The old adage that necessity is the mother of invention is as true for our industry as it is for any other — and with the recent explosion of accommodation choices, definitions have continued to morph. When a businessperson books a trip, they don’t just look at “traditional” hotels anymore — oh no. They look at private apartments all over the city. They look at aparthotels and serviced condos. They may even consider “coliving spaces” with access to private quarters, dedicated workspaces and networking opportunities that otherwise wouldn’t have existed.
It’s no surprise, then, that multi-branded hotels are getting so much attention. The Sydney Morning Herald reported on the trend in the past year. So did the New York Times, ehotelier, and countless other outlets.
What’s the idea?
In a multi-branded hotel, guests book one property or the other — and their experience is totally distinct to that brand. The other brand(s) may occupy different wings of the building, or different floors, but each brand essentially remains itself. Obviously most of the current iterations of multi-branded hotels feature two brands from the same company, but even this is changing. There is already a 664 room property in Chicago that features a Fairfield Inn (Marriott), an Aloft (Marriott/Starwood Hotels & Resorts), and a Hyatt Place (Hyatt hotels). (All three are managed under franchise agreements by the same, white-label management company, but the challenge is still the same.)
So what are these companies trying to accomplish? More to the point, what are they getting away with?
The short answer is that multi- or tri-branded hotels use shared infrastructure to make operations more efficient. Those companies who are actively moving into this territory (the new Novotel and Ibis tower here in Melbourne is a buzz worthy example) are not primarily interested in fusing brands together, or creating identical guest experiences. Nor are they reaching for novelty in a world of expanding choices.
The first advantage is lower barrier to entry for new developments. A pair of brands can invest in a new construction that offers the very latest and best of both flags, but the investment is much lower compared to the behemoth task of building a standalone flagship property.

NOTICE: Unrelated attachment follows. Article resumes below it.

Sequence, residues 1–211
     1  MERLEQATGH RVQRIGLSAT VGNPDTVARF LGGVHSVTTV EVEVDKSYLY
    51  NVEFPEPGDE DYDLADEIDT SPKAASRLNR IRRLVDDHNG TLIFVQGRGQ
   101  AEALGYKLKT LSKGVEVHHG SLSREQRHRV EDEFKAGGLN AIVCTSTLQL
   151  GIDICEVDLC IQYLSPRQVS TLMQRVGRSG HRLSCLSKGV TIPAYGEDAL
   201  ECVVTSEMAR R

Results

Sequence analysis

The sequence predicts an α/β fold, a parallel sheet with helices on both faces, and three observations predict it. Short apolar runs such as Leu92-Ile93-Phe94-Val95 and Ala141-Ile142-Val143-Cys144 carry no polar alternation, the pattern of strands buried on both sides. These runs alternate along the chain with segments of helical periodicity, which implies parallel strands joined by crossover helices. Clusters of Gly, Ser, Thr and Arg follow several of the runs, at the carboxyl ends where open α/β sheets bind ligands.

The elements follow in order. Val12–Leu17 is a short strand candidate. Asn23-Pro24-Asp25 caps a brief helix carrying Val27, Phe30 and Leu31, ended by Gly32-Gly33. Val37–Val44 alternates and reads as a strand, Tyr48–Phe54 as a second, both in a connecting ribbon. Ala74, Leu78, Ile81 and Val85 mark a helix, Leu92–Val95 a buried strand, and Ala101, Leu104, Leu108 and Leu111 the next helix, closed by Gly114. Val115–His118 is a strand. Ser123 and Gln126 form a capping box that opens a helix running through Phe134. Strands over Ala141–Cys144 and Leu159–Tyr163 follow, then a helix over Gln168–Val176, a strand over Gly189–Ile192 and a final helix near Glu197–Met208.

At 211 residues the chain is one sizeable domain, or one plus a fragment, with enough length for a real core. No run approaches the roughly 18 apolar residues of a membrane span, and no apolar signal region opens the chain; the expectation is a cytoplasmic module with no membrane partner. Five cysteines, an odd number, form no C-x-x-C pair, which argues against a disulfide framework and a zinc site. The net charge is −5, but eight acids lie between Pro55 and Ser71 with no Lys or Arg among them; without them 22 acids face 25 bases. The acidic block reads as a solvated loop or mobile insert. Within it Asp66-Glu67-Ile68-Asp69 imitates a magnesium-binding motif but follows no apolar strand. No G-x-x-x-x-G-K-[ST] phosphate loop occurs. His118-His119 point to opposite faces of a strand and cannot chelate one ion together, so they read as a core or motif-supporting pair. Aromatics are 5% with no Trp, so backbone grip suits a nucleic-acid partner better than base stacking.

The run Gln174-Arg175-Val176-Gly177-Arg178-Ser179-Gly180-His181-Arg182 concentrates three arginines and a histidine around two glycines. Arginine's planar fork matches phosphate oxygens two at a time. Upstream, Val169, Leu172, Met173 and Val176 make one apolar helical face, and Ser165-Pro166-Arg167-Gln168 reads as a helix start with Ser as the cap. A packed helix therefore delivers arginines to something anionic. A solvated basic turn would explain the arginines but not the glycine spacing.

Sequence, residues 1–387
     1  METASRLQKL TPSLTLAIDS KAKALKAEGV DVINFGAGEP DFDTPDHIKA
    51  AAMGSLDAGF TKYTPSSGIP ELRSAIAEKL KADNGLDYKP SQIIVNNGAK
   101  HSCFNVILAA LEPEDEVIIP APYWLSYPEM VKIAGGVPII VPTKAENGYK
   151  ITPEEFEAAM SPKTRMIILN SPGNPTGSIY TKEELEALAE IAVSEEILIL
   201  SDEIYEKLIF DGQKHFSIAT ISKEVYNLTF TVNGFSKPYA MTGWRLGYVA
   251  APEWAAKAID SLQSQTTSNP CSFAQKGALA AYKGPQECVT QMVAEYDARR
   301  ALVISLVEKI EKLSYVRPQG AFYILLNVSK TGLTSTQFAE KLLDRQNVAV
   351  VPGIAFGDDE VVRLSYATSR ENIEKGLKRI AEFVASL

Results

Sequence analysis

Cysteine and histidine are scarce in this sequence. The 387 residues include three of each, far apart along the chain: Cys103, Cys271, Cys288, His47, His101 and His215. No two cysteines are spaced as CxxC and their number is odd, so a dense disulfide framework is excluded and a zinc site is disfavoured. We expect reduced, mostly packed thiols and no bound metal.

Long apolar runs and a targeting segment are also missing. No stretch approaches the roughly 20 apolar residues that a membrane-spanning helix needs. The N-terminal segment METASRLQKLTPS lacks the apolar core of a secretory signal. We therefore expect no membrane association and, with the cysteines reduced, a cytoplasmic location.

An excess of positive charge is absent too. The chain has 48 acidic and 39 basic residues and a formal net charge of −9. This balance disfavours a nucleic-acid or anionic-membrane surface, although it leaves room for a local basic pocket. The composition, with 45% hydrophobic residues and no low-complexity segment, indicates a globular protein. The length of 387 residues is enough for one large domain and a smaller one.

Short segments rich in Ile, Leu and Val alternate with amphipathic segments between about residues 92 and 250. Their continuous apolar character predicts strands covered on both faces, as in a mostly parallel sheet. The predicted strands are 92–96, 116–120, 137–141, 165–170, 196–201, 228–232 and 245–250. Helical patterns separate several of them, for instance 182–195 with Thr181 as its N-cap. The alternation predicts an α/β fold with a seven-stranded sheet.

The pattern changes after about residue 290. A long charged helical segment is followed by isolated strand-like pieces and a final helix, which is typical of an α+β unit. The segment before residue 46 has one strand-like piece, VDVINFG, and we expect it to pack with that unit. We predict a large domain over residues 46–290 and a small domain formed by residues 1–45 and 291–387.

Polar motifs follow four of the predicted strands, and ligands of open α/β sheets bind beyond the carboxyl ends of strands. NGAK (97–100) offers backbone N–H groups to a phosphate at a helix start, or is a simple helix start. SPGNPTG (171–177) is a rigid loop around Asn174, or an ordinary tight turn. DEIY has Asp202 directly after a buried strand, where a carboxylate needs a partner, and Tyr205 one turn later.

Once the properties are up and running, the advantages shift to back-of-house operations. Essentially, what you have is a pair of side-by-side boutiques with a set of shared, streamlined resources and operations, including housekeeping, maintenance, food and beverage, pools, and fitness centers. The lobbies are generally distinct, although new models are popping up all the time.
Less competitive or more?
From a purely competitive standpoint, multi-branding may seem rather counterintuitive, especially when the brands involved are not from the same company. But when seen as a de facto alliance, multi-branding offers a cunning way for both brands to compete in local markets. Lower overhead means new facilities with less capital. Smaller room counts offer greater control over inventory. And the mere presence of a multi-branded property may also discourage other developers from trying to compete in the same locality.
Multi-branding also sends a message (at least on a conceptual or emotional level) that neither property is “afraid” of the fact that guests have a choice. Each brand is confident enough to stand by its offering, whilst encouraging guests to walk into the other lobby and book the other hotel next time around. This encouragement may not be overt, but it is inherent to the concept of putting two brands in one development. It diffuses the sense that competition rules supreme (even if it does), and appears to put focus on value and guest experience.
One more advantage of multi-branding is a stronger sense of localism, individuality, and boutique sensibility. It’s no stretch of the imagination to view this growing trend as a step into AirBnb territory, where flexibility and local flavor rule supreme.
Like all inventions in our industry, multi-branding is no panacea. Many commentators have noted that a stronger global economy has fueled the trend, allowing multiple brands to maintain distinct identities — and charge distinct prices — within the same property. But in a weaker economic conditions, this may not be the case. Price points between two or more brands may level out, rendering the arrangement problematic from a business standpoint.
There are also possibilities for GMs to clash, or to feel the other brand is being favoured by upper management or the owners. This is a conversation unto itself, and it highlights the importance of proceeding with care.
But when you tally up the possibilities of 1) lower barrier to entry for new developments, 2) greater efficiency through shared resources, and 3) emotional values that appeal to modern travellers, multi-branding is an inventive move in the age of AirBnb.
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